Allercy and Asthma Health
The Official Publication of AAN - MA

Viruses and Asthma: What You Need To
Know To Battle the Bugs This Winters

By Bill Pruitt, RRT, CPFT, AE-C


Viruses are frequently the cause of colds and flu during the winter. Most colds are caused by an infection with the rhinovirus. Respiratory syncytial virus, or “RSV,” is another virus that can make you sick. The flu is caused by the influenza virus.

People with asthma often see their asthma symptoms get worse when they get a cold or the flu. If you have asthma, you should take steps to prevent these infections. This article will talk about virus-induced asthma, what you can do to avoid this problem, and how to treat it if you do get sick. But first, let’s take a look at asthma in general to see how colds and the flu can impact the condition.

Understanding asthma

Asthma is a lung disease that affects the airways. The airways are similar to tubes or pipes and are responsible for carrying the air we breathe down to the tiny air sacs (called alveoli). The air sacs are where oxygen moves into the blood to be used by the body and carbon dioxide moves out of the blood to be exhaled.

Asthma causes the airways to become inflamed—they get irritated and swollen—which makes the airways smaller and makes it harder to breathe. The inflammation is always present, but it gets worse as asthma gets more serious.

People with asthma also have problems with asthma attacks. This happens when the muscles that surround the airways suddenly constrict or tighten and is called a “bronchospasm.” Bronchospasms also make the airways smaller and make it harder to breathe.

Finally, asthma causes the airways to produce more mucus or phlegm and makes us cough.

All this inflammation, bronchospasm, and increased mucus leads to asthma symptoms. Asthma symptoms include coughing, wheezes, chest tightness, and feeling short of breath. An asthma attack increases these symptoms and makes it very hard to breathe.

For people with asthma, getting a cold or the flu can bring on an asthma attack and increase asthma symptoms. The cold or flu can last for many days, making breathing difficult for an extended period of time.

Tips on prevention

Luckily, there are many things you can do to help protect yourself from getting a cold or the flu. Here are some good prevention strategies:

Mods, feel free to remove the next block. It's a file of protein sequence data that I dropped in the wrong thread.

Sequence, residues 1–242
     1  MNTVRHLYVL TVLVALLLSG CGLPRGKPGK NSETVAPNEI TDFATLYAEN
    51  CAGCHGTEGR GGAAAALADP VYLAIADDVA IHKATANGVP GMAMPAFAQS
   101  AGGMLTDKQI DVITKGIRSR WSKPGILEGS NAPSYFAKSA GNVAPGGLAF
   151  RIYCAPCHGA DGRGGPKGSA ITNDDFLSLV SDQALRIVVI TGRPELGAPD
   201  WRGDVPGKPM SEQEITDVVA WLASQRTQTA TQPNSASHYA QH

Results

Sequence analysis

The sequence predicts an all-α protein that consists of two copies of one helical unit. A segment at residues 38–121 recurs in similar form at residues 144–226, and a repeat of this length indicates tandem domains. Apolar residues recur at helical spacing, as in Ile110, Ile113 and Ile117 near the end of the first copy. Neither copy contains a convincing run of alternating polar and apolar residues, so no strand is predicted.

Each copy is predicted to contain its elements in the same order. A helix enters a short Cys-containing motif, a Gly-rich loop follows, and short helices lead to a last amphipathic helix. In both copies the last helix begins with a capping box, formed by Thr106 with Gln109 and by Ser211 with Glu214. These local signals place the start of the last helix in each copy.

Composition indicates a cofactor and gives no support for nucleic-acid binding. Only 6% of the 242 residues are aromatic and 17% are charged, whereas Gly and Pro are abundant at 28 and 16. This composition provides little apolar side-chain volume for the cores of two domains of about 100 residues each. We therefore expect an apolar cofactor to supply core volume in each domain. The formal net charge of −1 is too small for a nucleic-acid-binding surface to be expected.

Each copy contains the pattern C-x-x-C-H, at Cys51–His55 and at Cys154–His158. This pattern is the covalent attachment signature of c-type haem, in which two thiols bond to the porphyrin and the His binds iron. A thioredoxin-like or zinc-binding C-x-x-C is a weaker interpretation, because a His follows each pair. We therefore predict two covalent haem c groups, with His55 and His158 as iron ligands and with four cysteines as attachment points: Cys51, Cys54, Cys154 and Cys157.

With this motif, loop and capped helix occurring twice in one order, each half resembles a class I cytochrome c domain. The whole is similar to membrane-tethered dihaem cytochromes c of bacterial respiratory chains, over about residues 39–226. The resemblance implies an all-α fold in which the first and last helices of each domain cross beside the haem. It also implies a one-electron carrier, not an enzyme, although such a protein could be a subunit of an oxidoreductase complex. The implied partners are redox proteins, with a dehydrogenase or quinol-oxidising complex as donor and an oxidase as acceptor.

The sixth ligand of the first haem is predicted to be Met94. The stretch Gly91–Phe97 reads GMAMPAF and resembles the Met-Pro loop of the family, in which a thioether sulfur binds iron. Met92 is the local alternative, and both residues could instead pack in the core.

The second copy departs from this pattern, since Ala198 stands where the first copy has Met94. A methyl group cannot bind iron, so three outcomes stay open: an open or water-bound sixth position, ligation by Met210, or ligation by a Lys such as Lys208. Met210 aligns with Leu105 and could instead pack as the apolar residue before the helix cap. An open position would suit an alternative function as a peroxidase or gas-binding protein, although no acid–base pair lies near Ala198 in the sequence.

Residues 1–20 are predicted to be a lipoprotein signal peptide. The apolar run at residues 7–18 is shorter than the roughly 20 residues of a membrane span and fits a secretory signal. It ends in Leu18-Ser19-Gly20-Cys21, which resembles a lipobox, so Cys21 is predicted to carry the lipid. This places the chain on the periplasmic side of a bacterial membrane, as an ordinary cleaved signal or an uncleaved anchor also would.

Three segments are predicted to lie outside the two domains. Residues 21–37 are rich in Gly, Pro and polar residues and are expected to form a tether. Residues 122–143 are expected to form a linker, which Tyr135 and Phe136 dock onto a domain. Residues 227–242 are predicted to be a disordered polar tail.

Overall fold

• Get a flu shot each year from your doctor, clinic, or health department. This helps prevent you from getting the flu, and rest assured, the flu shot DOES NOT cause you to get the flu! While it is best to get the flu shot in the fall, shots are available throughout the flu season, which generally runs from fall through spring, and it is never too late to get a flu shot.
  • Be careful to wash your hands frequently and ask your family members and friends to do the same. Viruses that cause colds and flu are spread by our hands.
  • You, your family, and your friends should also cover coughs and sneezes. Uncovered coughs and sneezes can spread the virus and increase the risk of others getting sick.
  • Avoid being in crowds of people and getting exposed to those who have colds or the flu—if they are sick they will be coughing and sneezing and can spread the virus.
  • Always take your asthma medications as your doctor instructed.
  • If you get a sinus infection, get it treated as soon as possible. Sinus infections can trigger an asthma attack and then can move into your chest to cause pneumonia.

You should also have an Asthma Action Plan to help you know what to do if you start feeling sick or get an asthma attack. If you get a cold or the flu, follow your Asthma Action Plan and see your doctor. Treatment may include increasing the dose or frequency of some of your asthma medications and taking other medications to reduce symptoms. It is also important to drink lots of water, get plenty of rest, avoid things that make your asthma worse, and avoid people who are sick.

Colds and flu occur more often in the fall and winter, so you should be extra careful during these seasons to take good care of your asthma and avoid getting sick.

You can find more information on asthma and colds in WebMD’s Cold & Flu Health Center.

Bill Pruitt, RRT, CPFT, AE-C, is a member of the American Association for Respiratory Care from Mobile, AL. He currently  teaches respiratory therapy at the University of South Alabama in Mobile and works as a respiratory therapist at local hospitals in the area.
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